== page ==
Monday, May 30, 2005

Who said "Arguments must therefore be crude, clear and forcible, and appeal to emotions and instincts, not the intellect"?

Why is it important (as the Big Brass Alliance and others are hoping to do) to put, and keep, the short Downing Street Memo in the forefront of our discussions about Bush, the origins of the War in Iraq, and American foreign policy in general?

Here's a great quote from a long article in the June 9, 2005 edition of the New York Review of Books, The Secret Way to War By Mark Danner:

Power, the argument runs, can shape truth: power, in the end, can determine reality, or at least the reality that most people accept—a critical point, for the administration has been singularly effective in its recognition that what is most politically important is not what readers of The New York Times believe but what most Americans are willing to believe. The last century's most innovative authority on power and truth, Joseph Goebbels, made the same point but rather more directly:
  • There was no point in seeking to convert the intellectuals. For intellectuals would never be converted and would anyway always yield to the stronger, and this will always be "the man in the street." Arguments must therefore be crude, clear and forcible, and appeal to emotions and instincts, not the intellect. Truth was unimportant and entirely subordinate to tactics and psychology.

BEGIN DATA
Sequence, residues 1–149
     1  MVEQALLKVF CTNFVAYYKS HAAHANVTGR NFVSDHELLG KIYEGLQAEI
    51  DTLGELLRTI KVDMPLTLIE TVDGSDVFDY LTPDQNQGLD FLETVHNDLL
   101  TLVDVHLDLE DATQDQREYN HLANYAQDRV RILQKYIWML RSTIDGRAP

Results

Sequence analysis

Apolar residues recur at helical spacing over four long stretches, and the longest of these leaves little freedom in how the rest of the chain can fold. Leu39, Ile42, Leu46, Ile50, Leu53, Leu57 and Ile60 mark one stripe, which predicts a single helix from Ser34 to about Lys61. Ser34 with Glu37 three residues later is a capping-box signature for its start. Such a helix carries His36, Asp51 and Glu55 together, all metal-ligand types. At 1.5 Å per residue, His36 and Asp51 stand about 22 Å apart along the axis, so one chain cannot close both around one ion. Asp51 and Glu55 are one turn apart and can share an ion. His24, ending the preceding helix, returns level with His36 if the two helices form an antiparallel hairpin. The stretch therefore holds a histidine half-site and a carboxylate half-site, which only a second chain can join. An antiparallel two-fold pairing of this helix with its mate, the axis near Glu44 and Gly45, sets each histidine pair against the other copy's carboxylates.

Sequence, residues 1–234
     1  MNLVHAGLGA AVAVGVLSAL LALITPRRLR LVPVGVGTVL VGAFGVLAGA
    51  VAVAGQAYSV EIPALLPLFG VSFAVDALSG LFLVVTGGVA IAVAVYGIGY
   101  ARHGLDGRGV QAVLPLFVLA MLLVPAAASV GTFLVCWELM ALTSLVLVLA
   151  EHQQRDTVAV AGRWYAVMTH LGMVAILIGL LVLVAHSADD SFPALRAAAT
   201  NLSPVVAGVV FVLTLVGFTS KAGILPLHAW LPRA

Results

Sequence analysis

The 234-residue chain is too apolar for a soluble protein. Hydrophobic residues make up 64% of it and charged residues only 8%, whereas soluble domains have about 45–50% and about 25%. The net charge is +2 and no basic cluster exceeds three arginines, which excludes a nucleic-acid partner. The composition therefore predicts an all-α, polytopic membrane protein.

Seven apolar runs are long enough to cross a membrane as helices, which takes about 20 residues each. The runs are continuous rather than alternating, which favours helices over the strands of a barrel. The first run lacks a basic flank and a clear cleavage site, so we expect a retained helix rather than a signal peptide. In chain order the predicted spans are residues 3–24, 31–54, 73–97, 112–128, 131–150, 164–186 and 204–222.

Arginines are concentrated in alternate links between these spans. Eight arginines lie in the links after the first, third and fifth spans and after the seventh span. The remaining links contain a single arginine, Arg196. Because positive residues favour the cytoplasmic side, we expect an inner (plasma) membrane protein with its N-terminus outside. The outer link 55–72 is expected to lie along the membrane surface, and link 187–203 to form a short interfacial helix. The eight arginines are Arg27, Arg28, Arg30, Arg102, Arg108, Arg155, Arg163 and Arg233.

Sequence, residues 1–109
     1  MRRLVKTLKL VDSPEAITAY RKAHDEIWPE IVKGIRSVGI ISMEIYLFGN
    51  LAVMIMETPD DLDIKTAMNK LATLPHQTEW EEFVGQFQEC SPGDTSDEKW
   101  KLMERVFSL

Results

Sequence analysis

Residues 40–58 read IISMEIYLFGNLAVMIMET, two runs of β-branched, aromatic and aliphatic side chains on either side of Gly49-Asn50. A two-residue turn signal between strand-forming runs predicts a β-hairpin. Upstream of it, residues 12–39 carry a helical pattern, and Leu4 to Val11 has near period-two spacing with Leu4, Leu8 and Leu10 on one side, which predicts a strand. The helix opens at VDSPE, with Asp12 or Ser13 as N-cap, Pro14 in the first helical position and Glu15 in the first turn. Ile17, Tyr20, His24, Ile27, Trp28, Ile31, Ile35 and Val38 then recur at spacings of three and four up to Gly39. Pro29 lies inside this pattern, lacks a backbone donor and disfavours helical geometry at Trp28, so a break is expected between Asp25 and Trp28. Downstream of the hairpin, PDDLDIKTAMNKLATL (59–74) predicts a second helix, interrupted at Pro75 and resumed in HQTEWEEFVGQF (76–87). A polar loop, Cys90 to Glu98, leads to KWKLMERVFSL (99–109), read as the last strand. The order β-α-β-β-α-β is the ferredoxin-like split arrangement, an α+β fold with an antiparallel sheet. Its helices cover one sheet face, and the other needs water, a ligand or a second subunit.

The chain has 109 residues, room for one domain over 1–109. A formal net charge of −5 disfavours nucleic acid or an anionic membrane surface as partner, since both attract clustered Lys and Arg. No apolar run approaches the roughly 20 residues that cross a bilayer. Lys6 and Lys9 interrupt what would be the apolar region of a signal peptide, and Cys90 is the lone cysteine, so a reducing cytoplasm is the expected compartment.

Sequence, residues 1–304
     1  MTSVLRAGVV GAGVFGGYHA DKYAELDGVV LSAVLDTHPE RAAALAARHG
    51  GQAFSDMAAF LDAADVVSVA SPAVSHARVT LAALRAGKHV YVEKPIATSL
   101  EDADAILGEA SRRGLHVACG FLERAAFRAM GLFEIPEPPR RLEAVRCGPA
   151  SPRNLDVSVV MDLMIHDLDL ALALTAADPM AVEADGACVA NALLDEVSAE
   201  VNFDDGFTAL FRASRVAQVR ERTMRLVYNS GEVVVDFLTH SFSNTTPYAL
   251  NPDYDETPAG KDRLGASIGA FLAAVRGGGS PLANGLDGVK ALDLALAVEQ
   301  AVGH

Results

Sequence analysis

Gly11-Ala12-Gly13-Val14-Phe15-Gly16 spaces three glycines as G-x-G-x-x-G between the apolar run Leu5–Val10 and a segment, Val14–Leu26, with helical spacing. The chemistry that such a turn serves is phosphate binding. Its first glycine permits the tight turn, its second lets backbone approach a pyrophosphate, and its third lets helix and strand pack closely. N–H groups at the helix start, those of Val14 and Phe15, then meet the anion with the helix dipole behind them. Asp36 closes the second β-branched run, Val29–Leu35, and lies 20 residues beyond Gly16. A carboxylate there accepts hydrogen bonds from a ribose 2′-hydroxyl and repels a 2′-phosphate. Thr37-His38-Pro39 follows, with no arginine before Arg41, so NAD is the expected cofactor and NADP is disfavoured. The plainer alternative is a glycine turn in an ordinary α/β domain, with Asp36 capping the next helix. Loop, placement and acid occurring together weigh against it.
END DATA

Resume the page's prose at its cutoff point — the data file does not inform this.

I thought of this quotation when I first read the Downing Street memorandum; but I had first looked it up several months earlier, on December 14, 2004, after I had seen the images of the newly reelected President George W. Bush awarding the Medal of Freedom, the highest civilian honor the United States can bestow, to George Tenet, [. . .] L. Paul Bremer, [ . . . ] and General (ret.) Tommy Franks [. . . ] One might debate their ultimate responsibility for these grave errors, but it is difficult to argue that these officials merited the highest recognition the country could offer.

Please read the whole article if you have the time. You'll find it worthwhile. In addition to its great long discussion of the memo's contents, it also includes the full (short) text of the memo.

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